from The American Heritage® Dictionary of the English Language, 4th Edition
- n. A bracket of stone, wood, brick, or other building material, projecting from the face of a wall and generally used to support a cornice or arch.
- transitive v. To provide with or support by a corbel or corbels.
from Wiktionary, Creative Commons Attribution/Share-Alike License
- n. A structural member jutting out of a wall to carry a superincumbent weight.
- v. To furnish with a corbel or corbels; to support by a corbel; to make in the form of a corbel.
from the GNU version of the Collaborative International Dictionary of English
- n. A bracket supporting a superincumbent object, or receiving the spring of an arch. Corbels were employed largely in Gothic architecture.
- transitive v. To furnish with a corbel or corbels; to support by a corbel; to make in the form of a corbel.
from The Century Dictionary and Cyclopedia
- n. In architecture, a piece of stone, wood, or iron projecting from the vertical face of a wall to support some superincumbent object.
- n. The vase or drum of the Corinthian column: so called from its resemblance to a basket.
- n. In entomology, the truncated oval tip of the tibia, when, as in many Rhynchophera, the insertion of the tarsus is a little above the tip on the inner side.
- To support on corbels.
- In architecture, to expand by extending each member of a series beyond the one below.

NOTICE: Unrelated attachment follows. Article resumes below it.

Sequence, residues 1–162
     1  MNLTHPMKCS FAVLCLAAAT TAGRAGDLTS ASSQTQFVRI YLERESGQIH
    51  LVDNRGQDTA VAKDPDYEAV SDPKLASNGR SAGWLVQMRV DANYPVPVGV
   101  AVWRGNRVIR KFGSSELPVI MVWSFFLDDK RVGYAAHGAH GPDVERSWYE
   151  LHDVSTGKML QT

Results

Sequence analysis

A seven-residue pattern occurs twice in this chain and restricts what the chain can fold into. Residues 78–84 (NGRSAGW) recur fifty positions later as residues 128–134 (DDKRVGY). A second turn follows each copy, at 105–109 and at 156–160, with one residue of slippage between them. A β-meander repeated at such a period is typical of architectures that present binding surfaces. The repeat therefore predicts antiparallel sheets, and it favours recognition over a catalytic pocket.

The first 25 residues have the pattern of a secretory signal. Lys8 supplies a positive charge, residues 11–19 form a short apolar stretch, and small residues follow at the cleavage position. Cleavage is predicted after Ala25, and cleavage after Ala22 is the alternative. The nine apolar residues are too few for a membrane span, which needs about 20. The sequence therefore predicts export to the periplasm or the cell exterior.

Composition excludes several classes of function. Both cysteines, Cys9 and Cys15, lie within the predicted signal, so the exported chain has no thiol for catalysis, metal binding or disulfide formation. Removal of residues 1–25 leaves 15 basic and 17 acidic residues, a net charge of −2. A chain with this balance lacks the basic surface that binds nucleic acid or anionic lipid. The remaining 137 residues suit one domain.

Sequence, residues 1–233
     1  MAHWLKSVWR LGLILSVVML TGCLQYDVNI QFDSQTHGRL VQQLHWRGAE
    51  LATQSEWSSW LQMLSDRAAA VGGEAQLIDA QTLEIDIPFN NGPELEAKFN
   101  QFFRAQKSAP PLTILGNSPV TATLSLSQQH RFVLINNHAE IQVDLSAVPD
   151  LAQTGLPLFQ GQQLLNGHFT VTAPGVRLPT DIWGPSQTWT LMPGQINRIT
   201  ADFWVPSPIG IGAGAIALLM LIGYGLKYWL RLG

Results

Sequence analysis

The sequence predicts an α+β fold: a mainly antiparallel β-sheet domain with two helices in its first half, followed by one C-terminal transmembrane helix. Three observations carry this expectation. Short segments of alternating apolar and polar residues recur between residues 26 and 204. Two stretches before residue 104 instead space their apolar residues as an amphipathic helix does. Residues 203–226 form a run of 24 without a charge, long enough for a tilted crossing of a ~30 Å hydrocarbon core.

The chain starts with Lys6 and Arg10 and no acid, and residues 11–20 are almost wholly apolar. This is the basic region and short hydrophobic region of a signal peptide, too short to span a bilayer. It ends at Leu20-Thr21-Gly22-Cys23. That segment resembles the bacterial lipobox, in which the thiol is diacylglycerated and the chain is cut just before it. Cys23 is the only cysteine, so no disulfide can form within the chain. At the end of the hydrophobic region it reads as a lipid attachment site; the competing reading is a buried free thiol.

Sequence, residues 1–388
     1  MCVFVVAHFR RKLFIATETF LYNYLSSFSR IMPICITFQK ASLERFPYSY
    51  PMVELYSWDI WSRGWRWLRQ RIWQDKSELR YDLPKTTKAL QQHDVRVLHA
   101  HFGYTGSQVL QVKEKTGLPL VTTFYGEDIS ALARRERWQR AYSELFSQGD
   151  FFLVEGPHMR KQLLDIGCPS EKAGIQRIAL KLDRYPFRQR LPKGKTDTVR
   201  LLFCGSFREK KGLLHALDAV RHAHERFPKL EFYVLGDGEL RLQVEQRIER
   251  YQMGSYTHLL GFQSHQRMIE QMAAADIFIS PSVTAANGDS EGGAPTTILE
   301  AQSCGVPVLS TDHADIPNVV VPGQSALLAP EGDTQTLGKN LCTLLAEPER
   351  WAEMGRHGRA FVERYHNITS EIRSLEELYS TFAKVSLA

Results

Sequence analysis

- n. A raven or crow; a corbie.
from WordNet 3.0 Copyright 2006 by Princeton University. All rights reserved.
- n. (architecture) a triangular bracket of brick or stone (usually of slight extent)
- v. furnish with a corbel
A corbel is a stone bracket that projects from a wall or corner, either to support a beam or for decoration.
The building dates back to the 16th century, but the object - known as a corbel - is believed to be from the late-13th to mid-14th century.
On these rested painted wooden sun-filtering shutters attached to a concrete corbel, which is in turn connected to the ring-beam.
A band of treble billet moulding runs under the lower windows; a double hatched moulding under the second tier; and immediately below the parapet is the ornament called the corbel table; these with the billet moulding round the clerestory windows, are in excellent preservation.
Will any of your correspondents be so kind as to inform me if the device on the corbel was the badge of the knights of the order of St. John of
The roof-shaft west of this bay, for some unknown reason, ends considerably short of the roof in a kind of corbel with rude foliage upon it.
I also was astonished by how different the aesthetic system wasthe vertiginous staircases, the corbel arches, the huge reliefs, etc.
There is also a corbel-arched tunnel that goes straight through to what may have been a secret exit.
I forgot to mention this on a corbel in the foyer.
Philosophy should not be a corbel erected on mystery to gaze upon it at its ease, without any other result than that of being convenient to curiosity.